Developing value-added products for the lobster industry

Lobster is the icon for Maine. In fact, over 70% of the lobsters landed in the U.S. are landed in Maine, and the only lobster-processing facilities in the U.S. are in Maine. There are nearly 6,000 lobster licenses issued in Maine each year, with about 4,300 commercially active. While the lobster fishery in Maine has experienced record high catches in the past two years, the value of the catch has declined while the cost of doing business has increased. In addition, more of the catch has gone to processing as opposed to live shipping. The trend in the industry is to look more to value-added product development as a way to maintain and ultimately increase the worth of the catch and the economic viability of the industry. Growth in Maine’s lobster-processing industry and means there will be an increase in lobster-processing waste. Lobster waste has value that if extracted can create new products and associated jobs, and increase the economic impact of the lobster fishery. This research will have multiple program areas all focused on the enhancing the viability of the lobster industry through development of value-added products, particularly those made with materials typically underused or part of the waste stream of lobster processing (i.e. residual meat from bodies and walking legs, shell, hemolymph and other liquids). In addition, outreach on food products developed will be targeted to restaurants owner/chefs, specialty food stores, supermarkets, and food wholesalers. As we obtain value from the waste stream through the proposed project, we expect this will increase the value of the raw product, which then can be passed to the harvesters. We anticipate the proposed project will protect the existing industry and encourage job growth in these regions by fostering commercialization and hopefully production of new lobster-related products.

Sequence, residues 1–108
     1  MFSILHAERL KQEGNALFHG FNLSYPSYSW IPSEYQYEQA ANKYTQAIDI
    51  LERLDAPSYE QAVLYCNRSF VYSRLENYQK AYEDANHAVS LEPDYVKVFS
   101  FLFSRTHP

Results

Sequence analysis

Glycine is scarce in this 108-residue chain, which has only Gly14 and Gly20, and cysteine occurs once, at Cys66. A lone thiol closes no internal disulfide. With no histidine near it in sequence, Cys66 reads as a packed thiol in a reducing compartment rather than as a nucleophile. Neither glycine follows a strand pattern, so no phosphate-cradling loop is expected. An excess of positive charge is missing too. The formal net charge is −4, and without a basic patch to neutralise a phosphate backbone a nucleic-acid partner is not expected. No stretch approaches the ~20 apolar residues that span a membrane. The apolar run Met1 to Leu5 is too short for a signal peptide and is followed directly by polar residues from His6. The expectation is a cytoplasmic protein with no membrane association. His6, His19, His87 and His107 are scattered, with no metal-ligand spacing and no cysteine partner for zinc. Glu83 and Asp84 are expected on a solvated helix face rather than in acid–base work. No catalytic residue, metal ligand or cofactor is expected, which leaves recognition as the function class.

Investigators: Bayer, R.; Bolton, J.

Unit: School of Food and Agriculture

Termination Date: 30-Sep-17